Some time ago I started to go through the Lutheran Service Book systematically to read the texts of our hymns. Out of the first 100 or so, I discovered about 10% had words that I do not believe should be sung by believing Lutherans. In the process I also marked with an “X” those hymns which I thought expressed the Gospel, and the assurance of our salvation particularly well. #348, The King Shall Come When Morning Dawns, has one of those “X”-s, as does its predecessor, 347, Comfort, Comfort Ye My People. But already by #350, Come Thou Precious Ransom, Come, verse 2 has these words, which I do not sing: “Enter now my waiting heart, …” and “Ah what riches will be mine, When Thou art my guest divine.” And #354, Arise, O Christian People, says this in v. 4: “Come now to dwell within me.” Then there is that all time favorite, #913, “O Holy Spirit, enter in, and in our hearts your work begin …” What they all have in common is a denial of the presence of the Holy Spirit in every Christian from the time of Baptism. Actually, this isn’t “tiny” either; nevertheless we sing them with gusto and pious tears in our eyes.
    Are these harmless expressions of pious sentimentality, or do they misrepresent what God has said about His relationship with us? Do they overthrow the whole teaching?
    Peace and Joy!
    George A. Marquart

  14. @Glenn Dowling #1

    Your initial objection to Dr. Phillips was that you were greatly concerned by the following statement:

    “Our congregations and specific Lutheran organizations should not give even the appearance of associating with those who teach or promote false doctrine.”

    Are you similarly concerned by Dr. Luther’s statement:
    (i.e. the 3rd quote in the original post)

    “We are surely prepared to observe peace and love with all men, provided they leave the doctrine of faith perfect and sound for us. If we cannot obtain this, it is useless for them to demand love from us. A curse on a love that is observed at the expense of the doctrine of faith, to which everything must yield–love, an apostle, an angel from heaven, etc.!”

  15. My friend, and hopefully my brother in Christ, if you are anyone thinks they hold the golden key; the only interpretation of scripture which gives them the right to withhold love from anyone, may God have mercy and enlighten your understanding. The love of Christ’s is unconditional. There are millions who’ve never heard of Drs. Luther or Phillips and their views regarding a proper understanding of the Lord’s supper.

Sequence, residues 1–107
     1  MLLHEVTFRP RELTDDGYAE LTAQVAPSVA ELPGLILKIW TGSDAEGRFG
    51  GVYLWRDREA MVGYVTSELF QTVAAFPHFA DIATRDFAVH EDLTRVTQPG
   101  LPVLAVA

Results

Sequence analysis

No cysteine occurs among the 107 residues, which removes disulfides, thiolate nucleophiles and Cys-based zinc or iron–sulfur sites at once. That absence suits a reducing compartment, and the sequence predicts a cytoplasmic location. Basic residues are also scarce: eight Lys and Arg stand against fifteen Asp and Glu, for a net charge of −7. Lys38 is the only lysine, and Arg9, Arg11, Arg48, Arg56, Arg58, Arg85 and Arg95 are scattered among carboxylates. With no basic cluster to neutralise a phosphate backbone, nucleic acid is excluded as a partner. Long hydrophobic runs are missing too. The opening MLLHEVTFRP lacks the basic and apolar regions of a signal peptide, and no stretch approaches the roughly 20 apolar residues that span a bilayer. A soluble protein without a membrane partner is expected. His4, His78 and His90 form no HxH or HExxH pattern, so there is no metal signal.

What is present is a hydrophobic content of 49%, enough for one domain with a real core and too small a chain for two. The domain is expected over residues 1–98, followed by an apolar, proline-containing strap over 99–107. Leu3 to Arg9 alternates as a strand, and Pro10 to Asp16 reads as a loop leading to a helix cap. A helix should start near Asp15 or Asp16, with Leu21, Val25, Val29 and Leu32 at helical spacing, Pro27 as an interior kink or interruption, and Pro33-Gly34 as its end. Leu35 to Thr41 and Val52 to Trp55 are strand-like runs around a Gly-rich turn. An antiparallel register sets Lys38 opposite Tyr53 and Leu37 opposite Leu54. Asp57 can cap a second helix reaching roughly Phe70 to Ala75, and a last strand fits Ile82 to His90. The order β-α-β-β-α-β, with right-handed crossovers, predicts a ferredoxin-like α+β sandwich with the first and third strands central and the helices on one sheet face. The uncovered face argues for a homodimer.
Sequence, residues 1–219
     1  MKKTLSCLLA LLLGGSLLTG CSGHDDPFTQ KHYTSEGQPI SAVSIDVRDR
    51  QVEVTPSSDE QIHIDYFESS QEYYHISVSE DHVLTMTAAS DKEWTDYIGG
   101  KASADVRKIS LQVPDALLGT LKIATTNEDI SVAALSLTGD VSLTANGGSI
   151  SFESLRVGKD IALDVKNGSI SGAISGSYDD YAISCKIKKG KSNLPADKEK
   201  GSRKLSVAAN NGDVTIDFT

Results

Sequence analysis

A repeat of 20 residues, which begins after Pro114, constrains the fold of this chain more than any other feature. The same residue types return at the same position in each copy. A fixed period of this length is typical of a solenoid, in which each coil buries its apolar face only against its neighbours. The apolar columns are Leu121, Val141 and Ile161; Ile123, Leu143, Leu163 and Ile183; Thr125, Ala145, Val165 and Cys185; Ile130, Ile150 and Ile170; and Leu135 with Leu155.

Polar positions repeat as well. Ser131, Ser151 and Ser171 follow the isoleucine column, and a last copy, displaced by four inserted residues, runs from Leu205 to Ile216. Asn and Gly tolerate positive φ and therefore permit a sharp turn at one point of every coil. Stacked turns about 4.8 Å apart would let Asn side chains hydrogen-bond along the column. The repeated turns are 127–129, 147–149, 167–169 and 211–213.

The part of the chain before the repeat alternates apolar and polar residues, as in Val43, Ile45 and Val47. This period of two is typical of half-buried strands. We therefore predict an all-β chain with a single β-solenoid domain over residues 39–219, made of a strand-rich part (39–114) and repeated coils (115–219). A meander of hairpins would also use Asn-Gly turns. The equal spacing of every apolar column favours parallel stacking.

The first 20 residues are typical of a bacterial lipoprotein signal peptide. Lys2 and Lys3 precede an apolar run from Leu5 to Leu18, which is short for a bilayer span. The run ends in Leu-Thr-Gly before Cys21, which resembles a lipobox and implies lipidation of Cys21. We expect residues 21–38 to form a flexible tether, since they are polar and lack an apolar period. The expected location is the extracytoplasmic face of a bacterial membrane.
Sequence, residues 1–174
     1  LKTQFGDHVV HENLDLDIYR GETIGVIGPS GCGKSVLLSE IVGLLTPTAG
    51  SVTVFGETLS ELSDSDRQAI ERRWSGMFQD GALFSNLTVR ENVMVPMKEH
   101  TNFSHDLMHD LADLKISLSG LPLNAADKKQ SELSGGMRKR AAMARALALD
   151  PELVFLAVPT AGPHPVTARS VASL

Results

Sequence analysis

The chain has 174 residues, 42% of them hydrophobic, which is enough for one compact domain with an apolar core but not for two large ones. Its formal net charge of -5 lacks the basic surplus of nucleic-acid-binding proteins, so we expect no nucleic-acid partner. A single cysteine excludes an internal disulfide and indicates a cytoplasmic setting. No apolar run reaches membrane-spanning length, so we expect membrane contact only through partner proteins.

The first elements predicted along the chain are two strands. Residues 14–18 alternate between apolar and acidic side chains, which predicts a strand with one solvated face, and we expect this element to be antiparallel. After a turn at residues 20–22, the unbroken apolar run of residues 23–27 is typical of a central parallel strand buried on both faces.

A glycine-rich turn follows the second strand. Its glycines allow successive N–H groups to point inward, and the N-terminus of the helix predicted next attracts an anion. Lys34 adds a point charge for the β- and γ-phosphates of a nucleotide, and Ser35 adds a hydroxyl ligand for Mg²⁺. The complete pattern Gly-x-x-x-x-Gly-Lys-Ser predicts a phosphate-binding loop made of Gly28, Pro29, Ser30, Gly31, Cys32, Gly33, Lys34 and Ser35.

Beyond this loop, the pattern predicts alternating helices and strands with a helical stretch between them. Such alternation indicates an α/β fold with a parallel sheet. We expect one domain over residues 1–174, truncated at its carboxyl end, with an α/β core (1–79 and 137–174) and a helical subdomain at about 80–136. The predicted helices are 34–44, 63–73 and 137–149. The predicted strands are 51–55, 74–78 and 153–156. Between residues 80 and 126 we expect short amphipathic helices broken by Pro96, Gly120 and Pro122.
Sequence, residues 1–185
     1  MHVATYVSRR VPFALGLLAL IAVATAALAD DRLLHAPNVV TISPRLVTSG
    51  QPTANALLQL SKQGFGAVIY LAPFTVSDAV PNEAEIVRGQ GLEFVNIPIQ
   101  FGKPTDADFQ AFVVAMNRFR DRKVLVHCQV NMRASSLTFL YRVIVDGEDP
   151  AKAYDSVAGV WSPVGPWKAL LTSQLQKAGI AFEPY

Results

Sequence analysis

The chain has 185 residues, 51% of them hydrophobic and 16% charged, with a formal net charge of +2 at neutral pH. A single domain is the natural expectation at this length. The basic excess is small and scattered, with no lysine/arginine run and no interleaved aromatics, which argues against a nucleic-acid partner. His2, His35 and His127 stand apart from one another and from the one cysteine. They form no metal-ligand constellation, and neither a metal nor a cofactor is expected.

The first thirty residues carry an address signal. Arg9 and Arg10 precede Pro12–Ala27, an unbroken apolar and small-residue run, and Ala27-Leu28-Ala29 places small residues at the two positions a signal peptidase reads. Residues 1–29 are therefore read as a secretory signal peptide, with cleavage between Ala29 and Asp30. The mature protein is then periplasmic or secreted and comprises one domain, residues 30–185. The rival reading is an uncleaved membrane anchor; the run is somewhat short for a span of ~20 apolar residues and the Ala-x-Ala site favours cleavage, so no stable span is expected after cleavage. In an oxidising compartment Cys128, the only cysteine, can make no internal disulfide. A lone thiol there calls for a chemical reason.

You do well to study scripture to mine its deepest meanings. But afterwards, if it causes you to withhold you love or fellowship from believers who have not come to that point, you have widely missed the mark.

    Lest you forget, “For by grace you have been saved through faith. And this is not your own doing; it is the gift of God, not a result of works, so that no one can boast.” (Ephesians 2:8-9).

    Bear in mind, it was the Pharisees to whom Christ said, “Woe to you, scribes and hypocrites! For you are like whitewashed tombs, which outwardly appear beautiful, but within are full of dead people’s bones and all uncleanness. Lest you forget, Christ came to save sinners!

    Be reminded from scripture, my friend, “If I speak in the tongues of men and of angels, but have not love, I am a noisy gong or a clanging cymbal. And if I have prophetic powers, and understand all mysteries and all knowledge, and if I have all faith, so as to remove mountains, but have not love, I am nothing. If I give away all I have, and if I deliver up my body to be burned, but have not love, I gain nothing. (1 Corinthians 13: 1-3)

    Grace and peace,
    Glenn Dowling